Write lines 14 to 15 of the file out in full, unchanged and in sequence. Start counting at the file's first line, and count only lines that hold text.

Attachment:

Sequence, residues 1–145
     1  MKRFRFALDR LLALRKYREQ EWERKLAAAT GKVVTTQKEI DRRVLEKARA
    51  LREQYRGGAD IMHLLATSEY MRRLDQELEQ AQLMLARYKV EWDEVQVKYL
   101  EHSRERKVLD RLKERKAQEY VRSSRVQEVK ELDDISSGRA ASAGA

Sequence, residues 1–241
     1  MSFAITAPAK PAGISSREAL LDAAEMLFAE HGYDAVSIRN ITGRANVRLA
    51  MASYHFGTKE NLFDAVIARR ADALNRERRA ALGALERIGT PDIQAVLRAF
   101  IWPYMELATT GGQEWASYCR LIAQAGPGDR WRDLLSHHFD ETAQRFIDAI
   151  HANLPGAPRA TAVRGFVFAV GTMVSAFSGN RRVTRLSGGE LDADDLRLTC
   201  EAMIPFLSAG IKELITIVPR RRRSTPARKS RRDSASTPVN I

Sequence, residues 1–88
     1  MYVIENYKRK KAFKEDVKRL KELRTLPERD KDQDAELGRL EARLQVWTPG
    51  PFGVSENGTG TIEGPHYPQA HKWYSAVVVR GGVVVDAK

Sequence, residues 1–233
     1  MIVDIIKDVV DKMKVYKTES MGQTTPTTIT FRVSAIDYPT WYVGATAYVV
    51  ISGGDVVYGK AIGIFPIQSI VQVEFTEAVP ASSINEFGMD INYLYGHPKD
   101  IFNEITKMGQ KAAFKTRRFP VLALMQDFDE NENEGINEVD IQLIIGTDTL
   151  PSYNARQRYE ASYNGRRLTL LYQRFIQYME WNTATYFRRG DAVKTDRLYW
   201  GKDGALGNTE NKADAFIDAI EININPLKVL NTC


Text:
Sequence, residues 1–233
     1  MIVDIIKDVV DKMKVYKTES MGQTTPTTIT FRVSAIDYPT WYVGATAYVV